MH: Well first of all, I reformed tenure at the University of Denver. If you are a recipient of one of the chairs at our school of law today, you have to voluntarily relinquish tenure before you can accept the benefit of that chair. Ward Churchill would have never happened at my university, because we simply wouldn't have allowed it, we wouldn't have permitted it. That man should have been fired and dismissed, because he plagiarized, because he misrepresented his credentials. It had nothing to do with academic freedom. That was a thin veil behind which he tried to hide. Jay Bennish, absolutely disgraceful what he did, and that's all too typical. And that's why I support vouchers, I support school choice, and Hugh, I am behind an amendment which is going to be on the Colorado ballot this year, which if passed, will require that at least $.65 cents out of every education dollar, as opposed to 57% today in Colorado, go into the classroom. but I support school choice for home schooling, for use at Parochial and religiously affiliated institutions, and through competition, we have to shake up the system, and that's what I want to do as Governor.

Let me start with the stylistic analysis. Marc Holtzman comes off as extremely knowledgable, quite articulate and also quite passionate. His understanding of issues, the depth of understanding involved, and his eagerness to convey his ideas is all very infectious, and a very attractive quality in a candidate. This is clearly a man who does his homework and has the capacity to grasp vast amounts of ideas and themes.

As to the substance, I wonder a little about some of the themes he launched on. Let me start with the three ideas he's talking about, according to him: immigration reform, eminent domain, and rolling back Referendum C. All of these are good issues, and winners, generally; the problem is the role of the state government in these issues. To the extent that Holtzman wants to limit state benefits and hold employers accountable for their role, great; but to make this issue number one, when HUGE parts of immigration law are the main responsibility of the federal government strikes me as a aiming pretty high. And not that aiming high is bad; I'm just thinking, politically, from the standpoint of how easy it is to demagogue the issue versus the real role that the governor plays, this may not be the most "cost-benefit" efficient use of the stage. Likewise, Iminent Domain, while certainly a darling issue for people who pay attention (like GOP primary voters), is a bit of an obscure concept to general voters, of which Colorado has plenty, and it will be pretty hard to use that issue to distinguish himself from any of the other candidates for the position.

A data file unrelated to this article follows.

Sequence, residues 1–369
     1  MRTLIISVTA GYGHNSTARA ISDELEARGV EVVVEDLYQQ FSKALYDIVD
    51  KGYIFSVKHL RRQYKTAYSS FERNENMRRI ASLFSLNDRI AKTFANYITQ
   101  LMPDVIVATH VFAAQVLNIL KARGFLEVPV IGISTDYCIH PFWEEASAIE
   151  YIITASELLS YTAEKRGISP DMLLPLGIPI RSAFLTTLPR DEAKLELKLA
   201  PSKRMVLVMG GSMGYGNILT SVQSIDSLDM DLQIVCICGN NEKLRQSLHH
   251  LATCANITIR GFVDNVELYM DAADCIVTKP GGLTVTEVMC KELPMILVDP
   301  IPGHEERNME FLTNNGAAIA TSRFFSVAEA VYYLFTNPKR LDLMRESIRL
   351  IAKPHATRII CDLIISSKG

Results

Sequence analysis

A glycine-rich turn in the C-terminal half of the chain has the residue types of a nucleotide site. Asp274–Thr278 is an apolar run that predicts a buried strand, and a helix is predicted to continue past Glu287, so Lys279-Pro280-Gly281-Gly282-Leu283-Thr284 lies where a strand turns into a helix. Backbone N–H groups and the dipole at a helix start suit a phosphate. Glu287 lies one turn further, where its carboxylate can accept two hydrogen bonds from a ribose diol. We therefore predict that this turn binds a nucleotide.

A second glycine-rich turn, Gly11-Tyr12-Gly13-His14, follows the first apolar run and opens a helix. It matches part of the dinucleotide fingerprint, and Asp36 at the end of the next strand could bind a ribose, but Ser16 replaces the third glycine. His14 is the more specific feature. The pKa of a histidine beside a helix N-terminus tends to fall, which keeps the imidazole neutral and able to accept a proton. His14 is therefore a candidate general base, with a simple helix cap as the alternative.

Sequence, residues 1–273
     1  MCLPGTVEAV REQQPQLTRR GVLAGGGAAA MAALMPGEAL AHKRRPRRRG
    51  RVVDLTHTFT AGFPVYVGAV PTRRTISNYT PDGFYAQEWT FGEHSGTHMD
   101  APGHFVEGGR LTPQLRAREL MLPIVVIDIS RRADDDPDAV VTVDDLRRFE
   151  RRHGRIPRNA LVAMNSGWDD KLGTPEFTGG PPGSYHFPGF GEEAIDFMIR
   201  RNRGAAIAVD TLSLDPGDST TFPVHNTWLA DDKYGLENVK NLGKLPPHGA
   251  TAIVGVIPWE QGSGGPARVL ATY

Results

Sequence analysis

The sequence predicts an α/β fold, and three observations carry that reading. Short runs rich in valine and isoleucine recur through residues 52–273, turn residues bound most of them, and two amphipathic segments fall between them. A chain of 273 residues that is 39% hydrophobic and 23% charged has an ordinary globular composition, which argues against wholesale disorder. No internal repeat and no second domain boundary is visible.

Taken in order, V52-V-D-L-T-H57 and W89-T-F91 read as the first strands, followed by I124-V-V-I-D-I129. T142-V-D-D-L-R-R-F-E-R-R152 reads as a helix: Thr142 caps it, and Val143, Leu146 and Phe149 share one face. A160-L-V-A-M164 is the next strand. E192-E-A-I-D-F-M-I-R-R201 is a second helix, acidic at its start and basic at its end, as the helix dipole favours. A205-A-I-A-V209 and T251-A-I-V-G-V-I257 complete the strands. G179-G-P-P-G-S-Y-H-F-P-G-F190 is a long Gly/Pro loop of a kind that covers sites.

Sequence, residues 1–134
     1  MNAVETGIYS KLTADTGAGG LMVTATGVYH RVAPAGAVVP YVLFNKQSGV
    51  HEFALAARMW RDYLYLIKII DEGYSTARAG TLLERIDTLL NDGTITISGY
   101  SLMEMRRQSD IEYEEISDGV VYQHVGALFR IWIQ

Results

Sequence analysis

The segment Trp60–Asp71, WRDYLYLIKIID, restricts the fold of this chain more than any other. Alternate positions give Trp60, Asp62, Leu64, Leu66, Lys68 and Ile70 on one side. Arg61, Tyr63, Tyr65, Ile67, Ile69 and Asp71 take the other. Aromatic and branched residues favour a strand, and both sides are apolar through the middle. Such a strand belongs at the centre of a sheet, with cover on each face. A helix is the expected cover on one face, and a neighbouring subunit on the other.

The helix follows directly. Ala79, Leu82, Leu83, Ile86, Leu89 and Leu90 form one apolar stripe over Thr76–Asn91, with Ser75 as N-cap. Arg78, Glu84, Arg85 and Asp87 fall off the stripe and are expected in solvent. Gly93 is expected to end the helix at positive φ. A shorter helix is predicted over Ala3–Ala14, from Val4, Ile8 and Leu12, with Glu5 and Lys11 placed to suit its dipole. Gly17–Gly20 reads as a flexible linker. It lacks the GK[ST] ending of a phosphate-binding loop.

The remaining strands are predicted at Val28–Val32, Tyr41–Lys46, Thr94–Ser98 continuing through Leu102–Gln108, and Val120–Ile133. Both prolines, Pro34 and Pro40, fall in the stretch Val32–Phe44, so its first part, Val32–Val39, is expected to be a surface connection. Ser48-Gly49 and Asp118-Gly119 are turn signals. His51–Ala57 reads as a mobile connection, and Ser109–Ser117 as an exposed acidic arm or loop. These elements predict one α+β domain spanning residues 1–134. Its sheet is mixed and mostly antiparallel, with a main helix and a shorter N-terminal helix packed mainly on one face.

And then there's rolling back Ref C. I think my track record of opposition to C is pretty clear from last Fall, so I don't have a position-based disagreement. My worry is that it is difficult to tell the majority of Coloradans WHO JUST VOTED FOR THIS MEASURE that they were wrong; and then to make that a centerpiece of the platform risks alienating a great many voters. Likewise with his support of vouchers: it's not that they're a bad idea; it's that the voters of this state have turned down vouchers THREE TIMES. For Holtzman to get traction with these ideas, he's going to have to have a wildly creative and inexplicably effective way of explaining the issues to the voters for these two ideas to be useful in the general election.

That said, big props to MH for taking on tough issues in a direct and candid fashion. Maybe he's on to something that nobody's really tried before: a full, frontal (rhetorical) assault. I will watch with great interest to see what sort of traction he gets with these issues.